Behaviour Policy

It’s important to us that each student has access to the best possible outcomes from their participation in our activities. This means that they are able to realise their potential to learn, grow and develop to the best of their abilities.

To support this aim and to ensure the safety, wellbeing and happiness of all our students, we implement a Behaviour Policy. It applies to all students taking part in Sparks activities and aims to make sure that every student can benefit from a positive, safe and happy environment.

Our Approach to Behaviour

We believe that our students thrive when supported by (and contributing to) a positive and happy environment. When participating in our activities, they should feel safe, secure and valued.

We actively promote and model friendly, caring and polite behaviour, which extends to students, colleagues, partners and our environment. We promote the spirit of teamwork, collaboration and friendship. We champion equality and celebrate our differences.

Our approach to behaviour management focuses on encouraging consistently positive behaviours by establishing clear expectations, open communication and building a foundation of trust and mutual respect.

We aim to:

  • Encourage consideration for each other, our surroundings, equipment and belongings
  • Acknowledge and praise positive actions and attitudes
  • Challenge any behaviours that do not contribute positively to our environment or to the group
  • Provide activities to help students learn and understand about the importance and impact of behaviour, including opportunities for students to contribute to decisions and group behaviour policies/contracts
  • Encourage participation in a wide range of group activities to support the growth of social and communication skills
  • Ensure that all staff act as positive role models
  • Work in partnership with students, families and partners by communicating openly
  • Support and encourage students to take responsibility for their own actions and behaviours
  • Recognise individuality and personal efforts
  • Have a named person who has overall responsibility for behaviour management.

Restorative Approaches

We use a reconciliatory system called ‘Restorative Approaches’ to respond to behavioural incidents (McCluskey et al, 2008).

This is a system developed out of Restorative Justice approaches and aims to work towards a mutual, constructive solution to resolve issues of conflict. It consults the individuals affected by any behavioural incidents in the process and places their needs at the heart of the solution.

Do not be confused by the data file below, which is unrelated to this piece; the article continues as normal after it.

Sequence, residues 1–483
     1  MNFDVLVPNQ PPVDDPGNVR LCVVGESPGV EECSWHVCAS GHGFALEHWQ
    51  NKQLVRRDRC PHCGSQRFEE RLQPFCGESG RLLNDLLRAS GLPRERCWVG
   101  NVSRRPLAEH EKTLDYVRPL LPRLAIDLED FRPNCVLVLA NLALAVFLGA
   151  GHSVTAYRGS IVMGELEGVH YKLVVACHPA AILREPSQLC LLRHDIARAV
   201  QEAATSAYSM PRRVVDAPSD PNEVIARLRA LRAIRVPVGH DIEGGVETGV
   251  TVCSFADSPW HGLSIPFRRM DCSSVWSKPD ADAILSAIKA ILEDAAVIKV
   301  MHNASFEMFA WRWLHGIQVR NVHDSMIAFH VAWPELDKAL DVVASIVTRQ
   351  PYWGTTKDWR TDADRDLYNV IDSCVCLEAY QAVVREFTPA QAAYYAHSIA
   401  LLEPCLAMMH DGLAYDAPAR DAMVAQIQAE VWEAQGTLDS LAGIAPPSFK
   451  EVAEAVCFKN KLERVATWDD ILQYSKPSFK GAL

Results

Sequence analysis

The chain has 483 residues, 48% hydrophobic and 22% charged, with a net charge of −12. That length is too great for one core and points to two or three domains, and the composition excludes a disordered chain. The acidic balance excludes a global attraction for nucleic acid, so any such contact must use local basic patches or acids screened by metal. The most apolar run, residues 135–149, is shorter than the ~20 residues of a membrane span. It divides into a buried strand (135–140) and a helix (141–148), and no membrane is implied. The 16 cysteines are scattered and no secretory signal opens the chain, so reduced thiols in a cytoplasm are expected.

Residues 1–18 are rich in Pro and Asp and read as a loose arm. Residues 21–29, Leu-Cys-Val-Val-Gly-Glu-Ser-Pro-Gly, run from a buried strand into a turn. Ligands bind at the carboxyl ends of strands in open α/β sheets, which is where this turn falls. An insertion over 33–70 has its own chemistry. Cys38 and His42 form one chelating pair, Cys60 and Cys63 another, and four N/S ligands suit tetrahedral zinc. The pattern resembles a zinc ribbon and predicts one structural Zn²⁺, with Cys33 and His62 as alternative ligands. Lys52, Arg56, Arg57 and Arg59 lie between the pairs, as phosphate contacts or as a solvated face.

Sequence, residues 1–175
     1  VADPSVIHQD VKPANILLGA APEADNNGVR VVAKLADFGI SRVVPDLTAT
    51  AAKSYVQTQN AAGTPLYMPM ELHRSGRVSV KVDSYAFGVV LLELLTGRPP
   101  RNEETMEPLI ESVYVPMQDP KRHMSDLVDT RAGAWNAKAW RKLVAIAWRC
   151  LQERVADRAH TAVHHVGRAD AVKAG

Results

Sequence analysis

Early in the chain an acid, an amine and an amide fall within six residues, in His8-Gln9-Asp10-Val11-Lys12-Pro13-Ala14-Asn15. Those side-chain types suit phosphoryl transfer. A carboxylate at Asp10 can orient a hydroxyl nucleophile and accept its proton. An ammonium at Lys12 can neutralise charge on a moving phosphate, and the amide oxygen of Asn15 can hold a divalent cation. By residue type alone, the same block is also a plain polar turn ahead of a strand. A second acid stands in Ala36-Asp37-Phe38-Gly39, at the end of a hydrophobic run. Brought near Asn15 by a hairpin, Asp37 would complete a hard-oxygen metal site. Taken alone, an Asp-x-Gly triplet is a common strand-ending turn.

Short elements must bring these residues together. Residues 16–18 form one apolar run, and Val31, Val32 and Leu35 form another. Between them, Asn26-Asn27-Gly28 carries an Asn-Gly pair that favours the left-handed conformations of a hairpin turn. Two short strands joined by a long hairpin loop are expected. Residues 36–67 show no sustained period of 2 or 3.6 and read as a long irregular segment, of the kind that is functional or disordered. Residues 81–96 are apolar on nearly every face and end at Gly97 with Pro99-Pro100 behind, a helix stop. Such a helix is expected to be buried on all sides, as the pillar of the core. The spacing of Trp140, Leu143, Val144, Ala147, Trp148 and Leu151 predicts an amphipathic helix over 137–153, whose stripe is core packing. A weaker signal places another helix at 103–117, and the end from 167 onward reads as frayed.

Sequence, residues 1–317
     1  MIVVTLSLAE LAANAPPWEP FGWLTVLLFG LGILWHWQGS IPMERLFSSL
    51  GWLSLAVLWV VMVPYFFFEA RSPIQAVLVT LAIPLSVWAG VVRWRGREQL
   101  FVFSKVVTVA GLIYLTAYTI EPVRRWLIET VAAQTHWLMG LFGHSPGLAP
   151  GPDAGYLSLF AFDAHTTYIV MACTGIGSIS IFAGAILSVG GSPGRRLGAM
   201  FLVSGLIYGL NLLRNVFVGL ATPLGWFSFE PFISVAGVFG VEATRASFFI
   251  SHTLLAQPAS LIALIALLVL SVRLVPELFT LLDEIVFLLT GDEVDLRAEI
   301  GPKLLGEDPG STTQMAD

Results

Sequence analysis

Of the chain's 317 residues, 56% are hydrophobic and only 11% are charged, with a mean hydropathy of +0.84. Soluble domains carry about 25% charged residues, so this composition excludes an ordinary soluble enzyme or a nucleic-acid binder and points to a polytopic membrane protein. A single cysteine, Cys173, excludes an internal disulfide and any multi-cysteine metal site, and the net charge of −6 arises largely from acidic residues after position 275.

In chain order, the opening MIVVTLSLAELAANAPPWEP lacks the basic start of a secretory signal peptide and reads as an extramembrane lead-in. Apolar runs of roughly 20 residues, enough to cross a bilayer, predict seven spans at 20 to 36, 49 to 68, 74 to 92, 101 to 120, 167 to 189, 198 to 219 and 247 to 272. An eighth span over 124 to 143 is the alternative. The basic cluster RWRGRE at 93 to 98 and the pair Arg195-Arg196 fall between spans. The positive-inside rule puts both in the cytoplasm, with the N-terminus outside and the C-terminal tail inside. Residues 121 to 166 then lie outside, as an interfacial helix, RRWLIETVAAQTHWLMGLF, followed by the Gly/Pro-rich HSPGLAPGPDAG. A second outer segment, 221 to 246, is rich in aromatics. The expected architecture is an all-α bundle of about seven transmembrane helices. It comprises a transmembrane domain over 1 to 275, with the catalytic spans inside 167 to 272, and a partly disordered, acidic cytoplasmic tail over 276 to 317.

Team members will all receive training in using this approach as part of their introductory Safeguarding Training.


Variations for Age Appropriateness

We recognise that various behaviours are consistent with a student’s age and level of maturity or development. For instance, we expect greater levels of individual and personal responsibility in our older students, where we understand that younger students may still be learning and may require more support.

We will always consider the individual behaviour, their intentions, or any patterns, when managing behaviour and applying behaviour management measures.

Variations for SEND

In the case of students with Special Educational Needs and Disabilities, we understand that students have individual needs and we will always try to take these into account and make reasonable adjustments, where any additional needs are relevant to behaviour and behaviour management.

We will work in partnership with parents and other support agencies to implement any existing personalised strategies and we will also work to add to these and develop our own within the context of our sessions.

Other Considerations:

Depending on the circumstances, we may also take other factors into consideration. These include:

  • Any earlier incidents or behaviour record of an individual
  • Other events or circumstances in a student’s life that may be affecting them, e.g. bullying at school; family separations; health issues etc
  • Existing involvement with any external agencies, e.g. CAMHS, therapies, LADO etc

Team Member Responsibilities:

Behaviour management is the responsibility of all team members. It’s important to us that everybody shares in this responsibility and that every team member is good role model for our students.

Instructors, including Assistants and Volunteers*:

Team Members are responsible for:

  • Management of group behaviour and individual behaviours during sessions and during student break times whilst on duty
  • Setting good examples to students, especially around listening, communication and showing respect
  • Establishing co-authored group contracts including rules and responsibilities
  • Setting clear expectations of behaviour and responsibility
  • Acknowledging and praising positive behaviours and interactions
  • Reminding students of these expectations
  • Individual and group interventions when the may be required
  • Completing Incident Reports where there are behavioural incidents
  • Seeking advice and liaising with the Manager/Designated Safeguarding Lead when required